From grunge to #GIRLBOSS in seven years
Sophia Amoruso is a #GIRLBOSS worth $280million dollars. She’s 32 years old, and a self-made multimillionaire. She’s a former hitchhiker and shoplifter. She paid for her Porsche in cash because even as she found success, her credit history was too poor for a loan. Sophia has been featured by Forbes, Inc and many more.
Sophia turned a one-woman eBay business into one of the biggest alternative fashion labels in the world, in part by using the largest social media site of the day – MySpace – to connect with her target market. Along the way, she became a role model to thousands of girls and women inspired by her journey.
If there’s one thing Sophia had an intrinsic knack for, it was marketing. Here are seven tips from her book #GIRLBOSS we could all do with remembering.
1. Dare to be different
“What made me successful wasn’t necessarily what I sold, but how I sold it… I focused on making my store as unique as possible. My customers responded – they were willing to pay more at Nasty Gal Vintage than they were at other stores.”
Build your brand from day one, just like Sophia did. There’s a reason why people pay $5 for a coffee at Starbucks and only $1.50 for the same thing in a small-time corner cafe – and it’s not that Starbucks coffee is just that incredible – it’s branding.
2. Pay serious attention to detail
“I’m the kind of person who pays attention to something as small as a crooked shipping label… I took a lot of pride in how carefully I affixed those labels. I had to assume that my customer was as particular and as concerned with aesthetics as I was.”
At the very beginning, Sophia’s whole business was a one-man (should that be woman) band being run out of a single room – but she didn’t want anyone receiving goods from her to realise that. She took extra care in making sure everything looked professional.
3. Offer your customers added value
“When I wrote product descriptions, I exalted the details. I included styling tips in the copy, in case someone was considering bidding on a Betty White-type windbreaker but wasn’t quite sure how to pull it off like MIA could… What we were really doing was helping girls to look and feel awesome before they left the house.”
Sophia wasn’t just selling a garment to her customers – she sold a whole look, maybe even a lifestyle. By going that step further in her product descriptions she gave her customers something beyond clothing to keep coming back for. She built a loyal, devoted following for her brand – a #GIRLBOSS tribe.
4. Don’t underestimate the work involved
“Many people assume that working from home is like a vacation, where you get to do what you want. This was not the case for me. The demands of eBay put me on the strictest schedule I had ever endured.”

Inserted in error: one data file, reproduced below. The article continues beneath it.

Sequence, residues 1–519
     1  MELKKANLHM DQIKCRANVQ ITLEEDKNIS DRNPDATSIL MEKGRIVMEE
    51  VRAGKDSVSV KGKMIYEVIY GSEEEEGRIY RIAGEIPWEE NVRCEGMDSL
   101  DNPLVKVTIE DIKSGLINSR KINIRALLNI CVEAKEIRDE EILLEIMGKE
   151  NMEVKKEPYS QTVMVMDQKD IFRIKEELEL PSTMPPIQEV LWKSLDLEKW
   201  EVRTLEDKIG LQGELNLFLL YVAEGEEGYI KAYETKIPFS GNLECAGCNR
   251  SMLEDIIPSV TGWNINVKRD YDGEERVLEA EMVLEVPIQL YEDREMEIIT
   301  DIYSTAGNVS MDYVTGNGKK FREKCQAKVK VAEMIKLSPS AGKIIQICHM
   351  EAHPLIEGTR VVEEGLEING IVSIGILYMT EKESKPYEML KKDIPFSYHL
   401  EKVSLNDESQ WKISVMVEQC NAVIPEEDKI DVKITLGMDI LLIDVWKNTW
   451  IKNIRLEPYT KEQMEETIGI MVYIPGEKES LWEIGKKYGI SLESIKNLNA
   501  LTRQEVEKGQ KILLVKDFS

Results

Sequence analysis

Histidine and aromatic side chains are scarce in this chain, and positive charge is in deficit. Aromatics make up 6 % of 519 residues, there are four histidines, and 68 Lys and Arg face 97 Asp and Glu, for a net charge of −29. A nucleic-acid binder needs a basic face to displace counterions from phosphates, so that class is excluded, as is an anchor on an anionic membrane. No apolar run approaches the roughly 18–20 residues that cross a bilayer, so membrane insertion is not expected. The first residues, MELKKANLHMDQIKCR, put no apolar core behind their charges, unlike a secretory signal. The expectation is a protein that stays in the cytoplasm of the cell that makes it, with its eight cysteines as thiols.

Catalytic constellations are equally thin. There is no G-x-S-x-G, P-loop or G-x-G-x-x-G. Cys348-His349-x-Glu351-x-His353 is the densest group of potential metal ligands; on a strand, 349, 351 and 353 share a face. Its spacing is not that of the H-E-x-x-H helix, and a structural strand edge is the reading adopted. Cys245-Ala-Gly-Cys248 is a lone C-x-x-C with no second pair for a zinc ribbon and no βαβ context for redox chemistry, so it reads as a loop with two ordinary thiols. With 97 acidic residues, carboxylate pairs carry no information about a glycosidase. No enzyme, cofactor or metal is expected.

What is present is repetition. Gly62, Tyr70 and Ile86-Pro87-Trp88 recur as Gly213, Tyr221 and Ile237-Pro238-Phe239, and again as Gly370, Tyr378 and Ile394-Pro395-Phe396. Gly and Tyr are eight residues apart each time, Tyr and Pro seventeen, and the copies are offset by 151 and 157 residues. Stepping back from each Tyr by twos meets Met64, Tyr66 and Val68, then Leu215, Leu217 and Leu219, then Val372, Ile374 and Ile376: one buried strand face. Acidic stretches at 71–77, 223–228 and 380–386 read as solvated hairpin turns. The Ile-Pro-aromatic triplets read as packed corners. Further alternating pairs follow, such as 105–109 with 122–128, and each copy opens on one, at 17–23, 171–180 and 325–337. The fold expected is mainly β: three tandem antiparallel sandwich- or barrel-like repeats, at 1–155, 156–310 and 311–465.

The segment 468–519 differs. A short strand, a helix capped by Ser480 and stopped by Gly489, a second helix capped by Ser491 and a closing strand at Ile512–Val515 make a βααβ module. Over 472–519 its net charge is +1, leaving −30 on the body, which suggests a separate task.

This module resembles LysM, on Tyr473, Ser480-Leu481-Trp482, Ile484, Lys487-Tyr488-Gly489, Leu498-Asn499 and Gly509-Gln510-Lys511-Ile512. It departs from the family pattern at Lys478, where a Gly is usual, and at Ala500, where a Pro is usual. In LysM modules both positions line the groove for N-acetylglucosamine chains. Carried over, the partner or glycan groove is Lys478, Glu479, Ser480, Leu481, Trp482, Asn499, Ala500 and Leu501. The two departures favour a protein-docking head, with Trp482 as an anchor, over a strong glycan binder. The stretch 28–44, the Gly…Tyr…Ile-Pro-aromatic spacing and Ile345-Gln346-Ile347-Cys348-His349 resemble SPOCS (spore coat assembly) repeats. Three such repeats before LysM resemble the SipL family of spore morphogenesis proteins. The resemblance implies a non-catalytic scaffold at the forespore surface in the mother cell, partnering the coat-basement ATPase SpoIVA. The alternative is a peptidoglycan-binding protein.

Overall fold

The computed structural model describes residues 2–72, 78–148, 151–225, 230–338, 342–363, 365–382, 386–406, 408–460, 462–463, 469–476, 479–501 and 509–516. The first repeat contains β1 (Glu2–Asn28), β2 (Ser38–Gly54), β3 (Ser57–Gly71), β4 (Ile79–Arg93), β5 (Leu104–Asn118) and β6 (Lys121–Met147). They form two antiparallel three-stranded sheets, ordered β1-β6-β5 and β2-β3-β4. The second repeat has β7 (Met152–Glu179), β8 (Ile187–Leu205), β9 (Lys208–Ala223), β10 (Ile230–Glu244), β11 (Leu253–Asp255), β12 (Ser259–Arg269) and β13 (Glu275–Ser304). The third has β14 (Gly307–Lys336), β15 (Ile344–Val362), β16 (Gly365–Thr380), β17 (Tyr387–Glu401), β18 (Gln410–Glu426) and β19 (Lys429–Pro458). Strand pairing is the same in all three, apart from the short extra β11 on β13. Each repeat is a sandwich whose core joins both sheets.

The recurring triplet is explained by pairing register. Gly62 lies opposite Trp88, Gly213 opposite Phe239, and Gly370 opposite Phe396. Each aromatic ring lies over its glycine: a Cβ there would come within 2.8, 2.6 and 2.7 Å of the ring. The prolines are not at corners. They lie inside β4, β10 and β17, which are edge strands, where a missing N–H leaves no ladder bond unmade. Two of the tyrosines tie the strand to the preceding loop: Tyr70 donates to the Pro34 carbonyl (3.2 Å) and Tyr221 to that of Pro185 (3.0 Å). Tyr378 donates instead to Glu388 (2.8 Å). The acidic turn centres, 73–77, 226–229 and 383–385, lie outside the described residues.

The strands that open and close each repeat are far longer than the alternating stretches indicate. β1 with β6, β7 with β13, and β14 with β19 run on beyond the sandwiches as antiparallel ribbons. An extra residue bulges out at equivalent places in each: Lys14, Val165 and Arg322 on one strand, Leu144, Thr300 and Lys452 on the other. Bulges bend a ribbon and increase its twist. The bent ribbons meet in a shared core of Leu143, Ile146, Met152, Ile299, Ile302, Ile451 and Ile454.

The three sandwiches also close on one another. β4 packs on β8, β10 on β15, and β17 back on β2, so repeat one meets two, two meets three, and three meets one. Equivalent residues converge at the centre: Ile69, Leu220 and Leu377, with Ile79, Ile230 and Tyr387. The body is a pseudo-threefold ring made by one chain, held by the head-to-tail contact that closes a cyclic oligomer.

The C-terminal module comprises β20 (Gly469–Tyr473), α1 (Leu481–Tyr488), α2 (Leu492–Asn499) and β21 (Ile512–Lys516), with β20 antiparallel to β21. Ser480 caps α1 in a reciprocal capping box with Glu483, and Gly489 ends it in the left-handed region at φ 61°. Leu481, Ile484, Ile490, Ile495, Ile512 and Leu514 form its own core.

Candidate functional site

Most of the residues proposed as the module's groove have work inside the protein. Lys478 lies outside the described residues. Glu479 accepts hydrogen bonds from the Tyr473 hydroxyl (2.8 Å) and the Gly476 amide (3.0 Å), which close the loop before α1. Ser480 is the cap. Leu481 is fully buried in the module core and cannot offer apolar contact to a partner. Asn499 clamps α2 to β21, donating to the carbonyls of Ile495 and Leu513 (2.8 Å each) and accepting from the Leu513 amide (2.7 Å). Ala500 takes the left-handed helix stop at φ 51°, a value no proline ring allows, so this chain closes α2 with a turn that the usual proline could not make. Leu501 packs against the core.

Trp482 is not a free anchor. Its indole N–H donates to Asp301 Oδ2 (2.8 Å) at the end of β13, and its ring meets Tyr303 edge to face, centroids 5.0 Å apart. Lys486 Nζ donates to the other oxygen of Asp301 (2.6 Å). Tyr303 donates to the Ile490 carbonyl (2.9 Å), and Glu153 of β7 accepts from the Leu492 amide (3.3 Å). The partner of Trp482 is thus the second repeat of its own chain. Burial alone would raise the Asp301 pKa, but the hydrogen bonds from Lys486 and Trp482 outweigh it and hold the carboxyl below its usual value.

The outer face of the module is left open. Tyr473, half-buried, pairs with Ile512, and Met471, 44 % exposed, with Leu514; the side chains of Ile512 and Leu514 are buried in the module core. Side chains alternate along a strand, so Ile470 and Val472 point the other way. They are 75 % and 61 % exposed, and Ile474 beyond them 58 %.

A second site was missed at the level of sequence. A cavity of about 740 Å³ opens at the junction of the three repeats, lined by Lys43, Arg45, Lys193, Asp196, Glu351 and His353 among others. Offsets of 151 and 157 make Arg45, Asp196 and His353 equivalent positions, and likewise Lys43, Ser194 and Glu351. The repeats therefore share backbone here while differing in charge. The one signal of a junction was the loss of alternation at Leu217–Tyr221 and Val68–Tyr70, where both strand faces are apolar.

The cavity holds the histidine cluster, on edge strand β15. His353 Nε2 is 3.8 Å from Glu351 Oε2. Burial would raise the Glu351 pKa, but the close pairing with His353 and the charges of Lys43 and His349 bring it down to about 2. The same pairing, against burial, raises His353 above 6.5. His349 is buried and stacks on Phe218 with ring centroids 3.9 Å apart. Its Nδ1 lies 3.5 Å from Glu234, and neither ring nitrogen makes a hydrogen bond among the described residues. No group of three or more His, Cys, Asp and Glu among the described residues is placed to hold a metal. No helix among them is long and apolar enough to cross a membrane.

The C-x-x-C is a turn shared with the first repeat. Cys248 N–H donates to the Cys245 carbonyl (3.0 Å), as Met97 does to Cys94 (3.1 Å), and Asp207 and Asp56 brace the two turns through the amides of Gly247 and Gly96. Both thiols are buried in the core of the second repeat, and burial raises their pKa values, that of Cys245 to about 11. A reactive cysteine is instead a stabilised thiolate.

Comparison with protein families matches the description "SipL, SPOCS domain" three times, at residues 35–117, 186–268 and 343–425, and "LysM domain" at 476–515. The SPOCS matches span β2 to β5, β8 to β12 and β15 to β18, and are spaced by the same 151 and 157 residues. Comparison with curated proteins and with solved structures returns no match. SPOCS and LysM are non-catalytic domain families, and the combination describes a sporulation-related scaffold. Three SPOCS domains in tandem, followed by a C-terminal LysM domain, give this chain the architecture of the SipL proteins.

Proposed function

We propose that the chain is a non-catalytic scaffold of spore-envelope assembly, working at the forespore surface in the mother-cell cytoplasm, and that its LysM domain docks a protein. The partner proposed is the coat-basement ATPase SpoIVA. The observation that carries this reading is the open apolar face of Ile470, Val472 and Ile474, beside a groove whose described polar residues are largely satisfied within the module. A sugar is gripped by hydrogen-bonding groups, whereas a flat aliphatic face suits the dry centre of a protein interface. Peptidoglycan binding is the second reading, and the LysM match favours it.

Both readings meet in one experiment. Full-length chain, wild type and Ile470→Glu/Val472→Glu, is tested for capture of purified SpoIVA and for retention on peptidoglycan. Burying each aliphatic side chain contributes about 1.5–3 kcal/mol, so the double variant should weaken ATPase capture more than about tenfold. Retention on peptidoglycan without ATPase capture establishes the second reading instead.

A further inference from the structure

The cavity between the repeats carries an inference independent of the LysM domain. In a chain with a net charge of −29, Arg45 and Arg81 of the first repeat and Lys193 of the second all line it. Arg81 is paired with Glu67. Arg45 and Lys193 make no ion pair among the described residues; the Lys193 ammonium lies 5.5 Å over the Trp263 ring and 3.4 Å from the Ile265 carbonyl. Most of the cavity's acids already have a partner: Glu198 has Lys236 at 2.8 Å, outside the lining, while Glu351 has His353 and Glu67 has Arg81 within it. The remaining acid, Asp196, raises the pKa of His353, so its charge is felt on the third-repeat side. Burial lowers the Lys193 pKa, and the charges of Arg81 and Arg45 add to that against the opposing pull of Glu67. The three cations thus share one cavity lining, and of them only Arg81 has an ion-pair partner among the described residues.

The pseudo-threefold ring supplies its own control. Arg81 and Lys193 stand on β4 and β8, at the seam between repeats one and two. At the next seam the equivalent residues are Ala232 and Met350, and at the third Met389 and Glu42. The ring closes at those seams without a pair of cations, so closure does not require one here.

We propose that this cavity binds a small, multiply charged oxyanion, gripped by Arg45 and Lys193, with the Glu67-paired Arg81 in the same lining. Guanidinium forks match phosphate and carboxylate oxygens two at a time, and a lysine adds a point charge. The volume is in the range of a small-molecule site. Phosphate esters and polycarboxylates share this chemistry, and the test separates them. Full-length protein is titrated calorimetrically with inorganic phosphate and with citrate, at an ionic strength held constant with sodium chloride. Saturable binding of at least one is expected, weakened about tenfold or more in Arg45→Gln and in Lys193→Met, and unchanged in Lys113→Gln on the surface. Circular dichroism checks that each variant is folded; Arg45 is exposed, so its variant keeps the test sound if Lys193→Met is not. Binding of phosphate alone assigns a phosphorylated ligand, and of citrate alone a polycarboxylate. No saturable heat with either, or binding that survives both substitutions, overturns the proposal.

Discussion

Lots of people dream of starting an online businesses and becoming millionaires overnight with passive income building up while you sleep. For most people, that’s not the reality. Working from home can have huge advantages, but never underestimate the work building and marketing a business will take.
5. Listen to what your market wants
“Each week, I grew faster, smarter and more aware of what women wanted. And each week my auctions did better and better. If it sold, cool – I’d instantly go find more things like it. If it didn’t, I wouldn’t touch anything like it with a the-foot pole ever again.”
Don’t fall into the trap of giving your customers what you think they should want, rather than what they actually want. Sophia listened intently to what her buyers were telling her and, importantly, never made the same mistake twice. The results showed immediately in her profit margin.
6. If at first you don’t succeed…
“From Nasty Gal’s inception, I have always viewed the business as a work in progress. I constantly tweak and move on, peeling back the layers of the onion as new ones arrive. If something didn’t work – like if I put a dress up for auction and no one was bidding on it – I didn’t just assume that no one wanted it. I just tried something else. I rewrote the product description. I swapped out the thumbnail because I thought maybe people couldn’t judge the silhouette correctly from the original picture I’d posted. I never assumed I’d just done my best job the first time around.”
Sophia believed in her products with a passion – so if something wasn’t selling, she went back to look at how she had marketed it, and whether that could be improved. Crucially, she was prepared to recognise when something had gone on, and act to mitigate it. How often have we seen marketeers get it wrong, but forge on down a path that’s clearly mistaken instead of holding a hand up and saying “I screwed up”.
7. Start small and scale
“When you begin with the finish line in mind, you miss all the fun stuff along the way. The better approach is to tweak and grow, tweak and grow. I call it incremental potential… Dream big all you want – but know that the first step toward those dreams is probably going to be a small one.”
Our ever-wise #GIRLBOSS offers sound advice on getting realistic about your brand – you’re most likely not going to become a household name overnight, and while marketeers can and should think big, scalable growth is preferable to seeking investors to put a ton of money in right at the beginning. Give yourself the room to fail and the opportunity to succeed.
If you’re interesting in reading the full book, you can buy it here. It’s a very conversational, accessible read and highly recommended to any potential #GIRLBOSS out there. Sophia Amoruso tells it like it is.
Have you read the book? What did you think of the advice? You know where the comments section is.
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